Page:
World ? Asia ? China

China: In One Week

Only a week in the Middle Kingdom is a tall order; you could spend 10 years exploring China, and still only scratch the surface. Because of the vast distances involved (both getting to China, and getting around the country), if you have just 1 week, stick to the two main centers of change, Beijing and Shanghai, and their environs.

Day 1: Arrive in Shanghai

Arrive at the flashy new Pudong International Airport and enter China's latest and gaudiest development zone at 430kmph (267 mph) on the maglev. Climb to the 88th-floor observation deck of the Jin Mao Tower to get your bearings and then cross the Huangpu River using the equally bizarre Bund Sight-Seeing Tunnel. Finish the day with dinner at Jade on 36 and an evening stroll along the Bund.

Day 2: Shanghai Museum and Yu Yuan Gardens

The Shanghai Museum's bizarre shape makes this museum China's answer to the Guggenheim; its unique architecture and many galleries deserve at least a morning's exploration. After exploring the museum, wander around Yu Garden (Yu Yuan); it makes for an interesting afternoon, especially when combined with souvenir shopping in the surrounding bazaar, and then a relaxing pot of green tea in the floating teahouse. If you have any shoe leather left, try an after-dinner stroll along one of Shanghai's main shopping arteries, Nanjing Road, where very few places close before 10pm.

Day 3: Shanghai's French Concession

The French Concession area is one of China's best preserved collections of colonial buildings, but is also full of modern surprises, such as the ambitious new Xin Tiandi, a mega restaurant and retail development and a great stop for lunch. Nearby Huaihai Zhong Lu is where the fashionable spend their yuan at foreign-owned department stores and boutiques.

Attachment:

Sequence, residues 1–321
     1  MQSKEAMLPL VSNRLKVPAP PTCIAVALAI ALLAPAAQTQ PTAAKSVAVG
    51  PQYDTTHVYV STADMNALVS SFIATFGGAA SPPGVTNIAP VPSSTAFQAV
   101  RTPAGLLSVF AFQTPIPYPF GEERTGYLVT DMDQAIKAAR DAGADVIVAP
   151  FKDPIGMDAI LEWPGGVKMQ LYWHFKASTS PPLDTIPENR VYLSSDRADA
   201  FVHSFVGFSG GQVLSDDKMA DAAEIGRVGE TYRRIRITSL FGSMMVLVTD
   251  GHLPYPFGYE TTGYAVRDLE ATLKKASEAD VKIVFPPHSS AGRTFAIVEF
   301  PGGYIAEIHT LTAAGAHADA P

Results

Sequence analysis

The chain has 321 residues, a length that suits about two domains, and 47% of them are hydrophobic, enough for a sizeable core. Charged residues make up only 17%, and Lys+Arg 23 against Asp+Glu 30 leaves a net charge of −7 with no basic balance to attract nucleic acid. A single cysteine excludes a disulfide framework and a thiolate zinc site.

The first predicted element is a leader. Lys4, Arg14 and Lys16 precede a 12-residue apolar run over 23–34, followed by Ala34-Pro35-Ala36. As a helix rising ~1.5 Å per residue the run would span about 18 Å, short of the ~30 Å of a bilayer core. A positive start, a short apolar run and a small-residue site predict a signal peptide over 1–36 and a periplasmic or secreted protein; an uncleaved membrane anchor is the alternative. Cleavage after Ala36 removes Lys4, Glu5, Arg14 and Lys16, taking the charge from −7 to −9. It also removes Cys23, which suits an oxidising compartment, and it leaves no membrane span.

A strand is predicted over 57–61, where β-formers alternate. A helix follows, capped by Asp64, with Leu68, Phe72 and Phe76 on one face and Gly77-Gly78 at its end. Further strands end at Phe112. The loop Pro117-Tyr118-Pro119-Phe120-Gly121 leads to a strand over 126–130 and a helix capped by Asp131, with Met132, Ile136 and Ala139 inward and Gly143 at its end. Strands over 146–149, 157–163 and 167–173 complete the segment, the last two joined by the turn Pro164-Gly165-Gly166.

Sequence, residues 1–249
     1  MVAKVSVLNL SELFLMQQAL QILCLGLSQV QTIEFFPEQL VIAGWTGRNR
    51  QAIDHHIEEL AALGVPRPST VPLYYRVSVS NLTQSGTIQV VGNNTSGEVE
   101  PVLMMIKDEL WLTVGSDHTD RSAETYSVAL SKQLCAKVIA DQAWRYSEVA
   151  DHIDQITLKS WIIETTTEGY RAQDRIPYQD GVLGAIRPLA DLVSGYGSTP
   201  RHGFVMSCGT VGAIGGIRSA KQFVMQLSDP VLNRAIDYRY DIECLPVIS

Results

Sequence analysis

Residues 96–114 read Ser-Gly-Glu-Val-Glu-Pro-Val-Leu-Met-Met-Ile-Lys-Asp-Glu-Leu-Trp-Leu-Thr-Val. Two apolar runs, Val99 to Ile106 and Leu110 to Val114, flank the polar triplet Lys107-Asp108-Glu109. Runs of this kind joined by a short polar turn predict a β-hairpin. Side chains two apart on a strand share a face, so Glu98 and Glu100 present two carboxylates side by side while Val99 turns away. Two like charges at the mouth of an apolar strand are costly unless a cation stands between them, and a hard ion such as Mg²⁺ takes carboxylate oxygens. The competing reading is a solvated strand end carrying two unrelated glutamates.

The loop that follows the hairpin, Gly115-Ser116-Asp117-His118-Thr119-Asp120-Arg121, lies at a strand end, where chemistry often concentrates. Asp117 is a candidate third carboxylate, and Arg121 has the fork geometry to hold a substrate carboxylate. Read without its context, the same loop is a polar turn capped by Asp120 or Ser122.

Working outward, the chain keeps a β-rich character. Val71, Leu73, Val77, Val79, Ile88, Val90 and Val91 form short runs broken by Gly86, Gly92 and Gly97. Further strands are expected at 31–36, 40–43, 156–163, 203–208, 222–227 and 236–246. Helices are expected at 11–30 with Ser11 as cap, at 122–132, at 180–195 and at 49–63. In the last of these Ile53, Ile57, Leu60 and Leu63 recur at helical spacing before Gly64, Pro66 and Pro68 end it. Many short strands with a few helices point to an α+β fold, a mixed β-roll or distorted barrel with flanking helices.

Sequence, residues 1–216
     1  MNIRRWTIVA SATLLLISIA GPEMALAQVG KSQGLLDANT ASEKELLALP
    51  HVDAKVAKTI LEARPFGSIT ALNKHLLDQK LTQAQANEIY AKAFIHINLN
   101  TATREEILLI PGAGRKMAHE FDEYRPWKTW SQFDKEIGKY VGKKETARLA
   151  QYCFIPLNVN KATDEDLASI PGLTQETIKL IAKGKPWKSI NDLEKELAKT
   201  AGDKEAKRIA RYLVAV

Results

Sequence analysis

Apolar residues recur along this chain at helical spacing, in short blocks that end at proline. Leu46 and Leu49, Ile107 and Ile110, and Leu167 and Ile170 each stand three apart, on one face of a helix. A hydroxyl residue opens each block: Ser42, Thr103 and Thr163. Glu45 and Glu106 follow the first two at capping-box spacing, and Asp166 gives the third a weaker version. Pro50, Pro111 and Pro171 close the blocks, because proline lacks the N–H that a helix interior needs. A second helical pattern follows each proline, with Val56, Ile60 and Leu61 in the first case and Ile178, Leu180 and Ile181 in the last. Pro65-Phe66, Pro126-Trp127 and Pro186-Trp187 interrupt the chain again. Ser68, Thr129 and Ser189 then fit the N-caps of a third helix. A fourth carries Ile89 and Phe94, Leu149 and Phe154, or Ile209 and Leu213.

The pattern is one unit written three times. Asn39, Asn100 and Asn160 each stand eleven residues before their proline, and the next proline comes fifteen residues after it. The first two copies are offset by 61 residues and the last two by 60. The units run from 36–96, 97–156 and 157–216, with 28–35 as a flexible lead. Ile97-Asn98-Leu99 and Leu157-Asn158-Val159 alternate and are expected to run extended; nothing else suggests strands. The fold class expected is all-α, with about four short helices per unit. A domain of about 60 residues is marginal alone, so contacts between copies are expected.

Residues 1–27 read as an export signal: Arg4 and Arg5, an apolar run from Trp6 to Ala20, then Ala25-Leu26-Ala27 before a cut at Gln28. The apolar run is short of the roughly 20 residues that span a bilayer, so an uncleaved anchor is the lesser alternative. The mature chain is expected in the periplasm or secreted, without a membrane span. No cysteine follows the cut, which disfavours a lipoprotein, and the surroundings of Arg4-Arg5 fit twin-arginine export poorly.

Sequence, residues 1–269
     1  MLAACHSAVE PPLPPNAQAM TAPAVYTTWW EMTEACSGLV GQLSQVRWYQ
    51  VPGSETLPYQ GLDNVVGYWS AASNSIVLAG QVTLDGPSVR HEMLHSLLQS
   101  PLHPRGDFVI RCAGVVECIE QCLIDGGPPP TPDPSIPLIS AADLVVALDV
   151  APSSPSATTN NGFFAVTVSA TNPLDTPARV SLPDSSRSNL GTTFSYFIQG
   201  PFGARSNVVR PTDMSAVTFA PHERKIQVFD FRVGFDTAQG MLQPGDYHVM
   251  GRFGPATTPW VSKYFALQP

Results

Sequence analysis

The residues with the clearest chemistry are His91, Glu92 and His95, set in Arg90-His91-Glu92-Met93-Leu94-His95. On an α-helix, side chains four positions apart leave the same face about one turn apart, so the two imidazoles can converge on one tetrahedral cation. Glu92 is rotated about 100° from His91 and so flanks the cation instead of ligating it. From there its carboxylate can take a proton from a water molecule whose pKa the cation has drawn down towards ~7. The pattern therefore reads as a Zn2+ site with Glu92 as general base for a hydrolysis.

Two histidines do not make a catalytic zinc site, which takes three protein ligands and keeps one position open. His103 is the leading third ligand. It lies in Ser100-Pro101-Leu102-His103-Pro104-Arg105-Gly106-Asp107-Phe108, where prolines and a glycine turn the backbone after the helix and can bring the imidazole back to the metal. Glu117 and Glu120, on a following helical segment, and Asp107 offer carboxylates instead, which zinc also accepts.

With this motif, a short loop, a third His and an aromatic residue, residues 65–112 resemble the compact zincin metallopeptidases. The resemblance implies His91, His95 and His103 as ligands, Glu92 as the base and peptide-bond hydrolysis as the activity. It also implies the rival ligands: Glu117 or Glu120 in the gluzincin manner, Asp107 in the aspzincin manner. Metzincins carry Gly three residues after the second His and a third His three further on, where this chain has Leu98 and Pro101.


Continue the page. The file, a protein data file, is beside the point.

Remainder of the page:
Day 4: Transit Day

Allowing a full day to transfer from Shanghai to Beijing will make the process far easier and more relaxed. Once in Beijing, decompress in your hotel before exploring the city.

Day 5: The Forbidden City and Tian'an Men

Plan at least a morning to explore the Forbidden City, Beijing's premier attraction, and an afternoon to see nearby sights like Tian'an Men Square. A roast duck dinner and Chinese opera make for an excellent introductory evening to the capital.

Day 6: Exploring the Back Lakes

Check out Frommer's walking tour that takes you among the fascinating, winding Back Lakes hutong. In the afternoon visit the Summer Palace, the grandest imperial playground in all of China. It's already a big day, but try to leave some room in the evening for an acrobatic performance.

Day 7: The Great Wall

Finish your whistle-stop tour of the Middle Kingdom literally on a high. The views from atop the Great Wall at Badaling are tremendous; if you're after a challenge, considering also navigating Simatai.

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